• Ansonia-Milford J.D., at Milford
  • CV13-5010943S
  • Mar 07 2014 (Date Decided)
  • Brazzel-Massaro, J.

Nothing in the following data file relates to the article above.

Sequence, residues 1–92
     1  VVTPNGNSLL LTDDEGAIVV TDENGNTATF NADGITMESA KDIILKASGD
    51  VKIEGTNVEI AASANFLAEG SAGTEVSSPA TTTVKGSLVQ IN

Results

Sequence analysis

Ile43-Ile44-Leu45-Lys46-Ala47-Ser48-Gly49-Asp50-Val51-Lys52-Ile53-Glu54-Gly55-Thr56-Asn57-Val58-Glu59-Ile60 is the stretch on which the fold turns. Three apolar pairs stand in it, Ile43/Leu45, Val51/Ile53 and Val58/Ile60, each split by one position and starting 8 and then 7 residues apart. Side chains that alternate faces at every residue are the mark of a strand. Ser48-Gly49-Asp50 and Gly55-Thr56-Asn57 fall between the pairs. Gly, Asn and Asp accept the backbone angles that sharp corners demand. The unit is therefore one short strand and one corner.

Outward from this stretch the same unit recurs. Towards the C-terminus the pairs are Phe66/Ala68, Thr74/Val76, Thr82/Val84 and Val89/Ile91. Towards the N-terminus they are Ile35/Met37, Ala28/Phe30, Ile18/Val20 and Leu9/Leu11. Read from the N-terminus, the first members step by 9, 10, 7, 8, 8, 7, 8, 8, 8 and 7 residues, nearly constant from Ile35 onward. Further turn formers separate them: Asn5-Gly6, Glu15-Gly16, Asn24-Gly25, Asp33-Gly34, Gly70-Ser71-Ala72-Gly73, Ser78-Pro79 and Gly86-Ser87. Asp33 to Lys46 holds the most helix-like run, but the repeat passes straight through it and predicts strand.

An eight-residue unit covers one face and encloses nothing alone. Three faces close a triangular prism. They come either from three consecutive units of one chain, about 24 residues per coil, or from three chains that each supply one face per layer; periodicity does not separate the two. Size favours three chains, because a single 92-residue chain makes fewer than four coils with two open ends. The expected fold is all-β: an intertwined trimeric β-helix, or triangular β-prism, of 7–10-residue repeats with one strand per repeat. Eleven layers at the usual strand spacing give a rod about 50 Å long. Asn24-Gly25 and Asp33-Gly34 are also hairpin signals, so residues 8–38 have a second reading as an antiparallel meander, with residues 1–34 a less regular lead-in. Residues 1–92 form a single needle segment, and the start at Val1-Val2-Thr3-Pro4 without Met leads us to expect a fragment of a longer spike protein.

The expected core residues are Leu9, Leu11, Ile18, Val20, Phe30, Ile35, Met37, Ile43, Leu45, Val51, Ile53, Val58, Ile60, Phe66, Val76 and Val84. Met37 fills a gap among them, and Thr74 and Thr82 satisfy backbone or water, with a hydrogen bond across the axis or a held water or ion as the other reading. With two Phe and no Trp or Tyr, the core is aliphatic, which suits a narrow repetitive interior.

Allegations that a grandchild suffered emotional distress as a result of observing injuries to a grandfather can be sufficient to allege a cause of action for bystander emotional distress. On May 14, 2012, the plaintiff, Francis Syc, leased an apartment from the defendants, Stephanie and Joseph Boudreau. Allegedly, Syc started to leave his apartment with his granddaughter, Emily Besse, when he observed that the Boudreau’s dog was in the common area. Syc instructed his granddaughter to immediately run to his apartment and close the door. Allegedly, the Boudreaus’ dog attacked Syc, and he suffered puncture wounds, lacerations and the partial loss of a finger. Syc’s granddaughter allegedly observed her grandfather’s wounds, when the family drove her grandfather to the hospital. Syc and his granddaughter sued the Boudreaus and alleged that they were negligent and reckless, and that the granddaughter suffered bystander emotional distress. The defendants moved to strike the bystander emotional-distress count and argued that Connecticut courts do not permit a grandchild to allege bystander emotional distress as a result of observing a grandfather’s injury, because a grandfather is not a child or a spouse. Bystander emotional distress requires proof that: 1.) the bystander is closely related to the injury victim; 2.) the bystander’s emotional injury is caused by contemporaneous sensory perception of the event or conduct that causes the injury, or by arriving on the scene soon thereafter; 3.) the victim’s injury is substantial; and 4.) the bystander’s emotional injury is serious. The modern family unit may extend beyond parents and children. Grandparents may serve as caregivers and possess a very important role in the lives of grandchildren. The plaintiffs adequately alleged a cause of action for bystander emotional distress, and the court denied the motion to strike.